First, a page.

When the jury returned into open court in this case, the Foreman had neither signed the verdict of guilty or not guilty. The Court reminded the Foreman that he had forgotten to sign the verdict and delivered the charge back to the Foreman. Apparently the Foreman signed the verdict of not guilty. This can be ascertained from the Court's statement that he "handed the charge to the Foreman in the jury box and told him that he had not signed it and the Foreman inadvertently signed on the form that said not guilty and thereupon the Court asked the jury to return to the juryroom and consider of their verdict." When the Court saw that the Foreman had signed the verdict of not guilty, the Court said: "Mr. Foreman, I believe you have done this wrong. Ladies and gentlemen, go back to the jury room and consider of your verdict and when you have done so, knock on the door and we will receive it." It is impossible to tell from the record before us how the trial court knew that the Foreman had "inadvertently" signed the verdict of not guilty. Nor is it possible to tell how the trial court knew when he saw that the Foreman had signed the verdict of not guilty that the Foreman had signed the "wrong" verdict form. Here, the Court submitted only two forms of verdicts, guilty and not guilty. When the Court saw that the Foreman had signed the not guilty verdict, he informed the Foreman in effect that he had signed the "wrong" one. He then instructed the jury to go back and consider their verdict and when they had done so to knock on the door and the Court would receive it. Thus, the Court had indicated its belief to the jury that a verdict of not guilty was "wrong." The only other verdict the jury could return after considering their verdict would be that of guilty.

A verdict is a written declaration by a jury of its decision of the issues submitted to it in the case. Art. 37.01, Vernon's Ann. C.C.P. Not less than 12 jurors can render and return a verdict in a felony case, and such verdict must be concurred in by each juror. Williams v. State, 118 Tex.Cr. R. 366, 42 S.W.2d 441. The trial judge is not a juror, and, on a plea of not guilty in a felony case (before a jury), cannot render a verdict or any part thereof. Horn v. State, 117 Tex.Cr.R. 22, 35 S.W.2d 145. It is an elementary principle of law that, where an accused pleads not guilty in a criminal case, it is fundamental error to instruct a verdict of guilty. Lopez v. State, Tex.Cr.App., 79 S.W.2d 1095. In effect the Court's refusal to accept the signed verdict of not guilty, without first inquiring of the jury if not guilty was their verdict, amounted to an instructed verdict of guilty.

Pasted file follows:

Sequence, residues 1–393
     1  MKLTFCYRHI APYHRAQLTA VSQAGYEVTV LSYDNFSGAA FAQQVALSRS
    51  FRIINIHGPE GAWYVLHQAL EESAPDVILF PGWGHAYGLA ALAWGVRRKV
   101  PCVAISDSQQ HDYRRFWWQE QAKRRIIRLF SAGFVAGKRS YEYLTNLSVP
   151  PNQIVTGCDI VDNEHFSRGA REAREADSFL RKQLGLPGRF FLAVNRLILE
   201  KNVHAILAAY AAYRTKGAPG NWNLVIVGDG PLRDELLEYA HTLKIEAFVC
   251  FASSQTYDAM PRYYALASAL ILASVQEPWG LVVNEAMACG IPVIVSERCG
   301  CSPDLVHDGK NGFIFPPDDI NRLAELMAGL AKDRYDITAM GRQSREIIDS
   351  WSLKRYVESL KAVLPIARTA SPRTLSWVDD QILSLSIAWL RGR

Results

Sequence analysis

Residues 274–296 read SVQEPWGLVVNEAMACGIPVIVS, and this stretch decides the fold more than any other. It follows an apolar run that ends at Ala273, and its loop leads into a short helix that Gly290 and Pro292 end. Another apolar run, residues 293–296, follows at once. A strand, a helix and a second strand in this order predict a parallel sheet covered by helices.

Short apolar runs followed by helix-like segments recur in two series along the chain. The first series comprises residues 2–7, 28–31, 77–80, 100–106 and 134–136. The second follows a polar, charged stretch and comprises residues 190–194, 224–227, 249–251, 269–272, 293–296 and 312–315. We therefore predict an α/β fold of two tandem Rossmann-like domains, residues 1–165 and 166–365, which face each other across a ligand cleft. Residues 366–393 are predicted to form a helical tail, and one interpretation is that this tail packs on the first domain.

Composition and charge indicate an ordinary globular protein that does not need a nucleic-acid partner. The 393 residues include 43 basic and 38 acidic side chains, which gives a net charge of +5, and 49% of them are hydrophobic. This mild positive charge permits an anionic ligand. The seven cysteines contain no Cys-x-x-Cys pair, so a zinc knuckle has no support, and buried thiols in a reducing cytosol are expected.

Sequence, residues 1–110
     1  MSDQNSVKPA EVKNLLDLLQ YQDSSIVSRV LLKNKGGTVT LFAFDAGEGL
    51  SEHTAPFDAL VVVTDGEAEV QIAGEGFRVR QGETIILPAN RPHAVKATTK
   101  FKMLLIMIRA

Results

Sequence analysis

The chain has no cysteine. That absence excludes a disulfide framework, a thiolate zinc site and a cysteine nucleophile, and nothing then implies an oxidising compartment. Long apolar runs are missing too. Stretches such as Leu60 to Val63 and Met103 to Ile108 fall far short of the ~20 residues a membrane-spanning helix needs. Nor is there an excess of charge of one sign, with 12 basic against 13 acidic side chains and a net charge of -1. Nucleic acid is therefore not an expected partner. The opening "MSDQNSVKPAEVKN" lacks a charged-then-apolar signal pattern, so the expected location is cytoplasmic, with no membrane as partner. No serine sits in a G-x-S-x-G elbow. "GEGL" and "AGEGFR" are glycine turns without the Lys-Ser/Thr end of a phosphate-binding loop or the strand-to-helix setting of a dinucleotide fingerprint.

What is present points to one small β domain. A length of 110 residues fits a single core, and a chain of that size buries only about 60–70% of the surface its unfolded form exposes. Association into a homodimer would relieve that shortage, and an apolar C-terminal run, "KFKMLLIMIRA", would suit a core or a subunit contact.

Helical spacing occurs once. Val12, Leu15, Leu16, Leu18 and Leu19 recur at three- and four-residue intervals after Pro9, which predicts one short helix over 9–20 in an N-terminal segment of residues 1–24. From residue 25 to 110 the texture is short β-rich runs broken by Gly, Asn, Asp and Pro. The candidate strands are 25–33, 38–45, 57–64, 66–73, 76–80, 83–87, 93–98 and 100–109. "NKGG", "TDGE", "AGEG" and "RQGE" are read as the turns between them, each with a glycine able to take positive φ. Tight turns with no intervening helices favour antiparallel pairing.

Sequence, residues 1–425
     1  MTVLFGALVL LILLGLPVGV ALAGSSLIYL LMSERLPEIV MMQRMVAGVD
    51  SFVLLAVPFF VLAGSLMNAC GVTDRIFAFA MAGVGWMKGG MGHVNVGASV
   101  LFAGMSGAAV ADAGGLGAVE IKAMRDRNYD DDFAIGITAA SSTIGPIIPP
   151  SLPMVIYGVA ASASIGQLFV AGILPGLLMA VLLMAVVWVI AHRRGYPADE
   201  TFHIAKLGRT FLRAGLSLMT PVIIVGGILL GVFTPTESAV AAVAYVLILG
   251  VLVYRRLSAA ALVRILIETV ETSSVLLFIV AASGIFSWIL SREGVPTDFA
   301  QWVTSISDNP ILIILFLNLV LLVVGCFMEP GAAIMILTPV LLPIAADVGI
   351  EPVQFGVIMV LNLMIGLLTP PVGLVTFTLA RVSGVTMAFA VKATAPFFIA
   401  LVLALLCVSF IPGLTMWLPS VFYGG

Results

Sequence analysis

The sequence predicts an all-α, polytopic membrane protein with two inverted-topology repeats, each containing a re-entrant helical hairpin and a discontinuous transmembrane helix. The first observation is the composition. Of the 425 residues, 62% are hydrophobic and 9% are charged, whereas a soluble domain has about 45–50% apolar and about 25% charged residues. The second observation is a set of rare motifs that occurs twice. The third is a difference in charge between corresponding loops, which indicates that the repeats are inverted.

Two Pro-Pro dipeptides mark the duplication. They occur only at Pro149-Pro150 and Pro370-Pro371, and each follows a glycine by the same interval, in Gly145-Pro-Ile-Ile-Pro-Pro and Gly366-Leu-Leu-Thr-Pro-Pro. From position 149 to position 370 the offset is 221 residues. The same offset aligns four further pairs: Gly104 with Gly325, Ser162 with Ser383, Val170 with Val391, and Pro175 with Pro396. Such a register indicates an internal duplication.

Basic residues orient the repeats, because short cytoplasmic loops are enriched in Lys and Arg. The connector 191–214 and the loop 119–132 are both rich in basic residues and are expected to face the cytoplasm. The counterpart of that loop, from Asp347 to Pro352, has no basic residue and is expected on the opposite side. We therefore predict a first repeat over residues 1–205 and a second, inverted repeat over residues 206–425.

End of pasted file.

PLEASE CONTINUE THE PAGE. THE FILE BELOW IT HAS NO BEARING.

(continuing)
Art. 37.04, C.C.P., provides the method in which the verdict of the jury should be received in the following language:

"When the jury agrees upon a verdict, it shall be brought into court by the proper officer; and if it states that it has agreed, the verdict shall be read aloud by the clerk. If in the proper form and no juror dissents therefrom, and neither party requests a poll of the jury, the verdict shall be entered upon the minutes of the court."

Thus, in the instant case, the verdict of not guilty should have been read aloud in open court. Then, if no juror dissented from the verdict of not guilty and neither party requested a poll of the jury, the verdict should have been entered upon the minutes of the Court. Compare Art. 37.10, C.C.P. Art. 37.05, C.C.P., provides:

"The State or the defendant shall have the right to have the jury polled, which is done by calling separately the name of each juror and asking him if the verdict is his. If all, when asked, answer in the affirmative, the verdict shall be entered upon the minutes; but if any juror *161 answer in the negative, the jury shall retire again to consider its verdict."

In complying with Arts. 37.04, 37.05, and 37.10, C.C.P., judges are prohibited by law from commenting upon the weight of the evidence or making any remark calculated to convey to the jury the court's opinion of the case. Art. 38.05, C.C.P., provides:

"In ruling upon the admissibility of the evidence, the judge shall not discuss or comment upon the weight of the same or its bearing in the case, but shall simply decide whether or not it is admissible; nor shall he, at any stage of the proceeding previous to the return of the verdict, make any remark calculated to convey to the jury his opinion of the case."

In Vasquez v. State, 163 Tex.Cr.R. 16, 288 S.W.2d 100, this Court stated that "the test is whether the remarks are upon the weight of the evidence or indicate to the jury the judge's opinion of the merits, and whether the remarks were prejudicial to the defendant's rights. Williams v. State, 67 Tex.Cr.R. 287, 148 S.W. 763." Certainly the Court's remark in the instant case would tend to convey to the jury that the Court held the belief that appellant was guilty as charged in the indictment.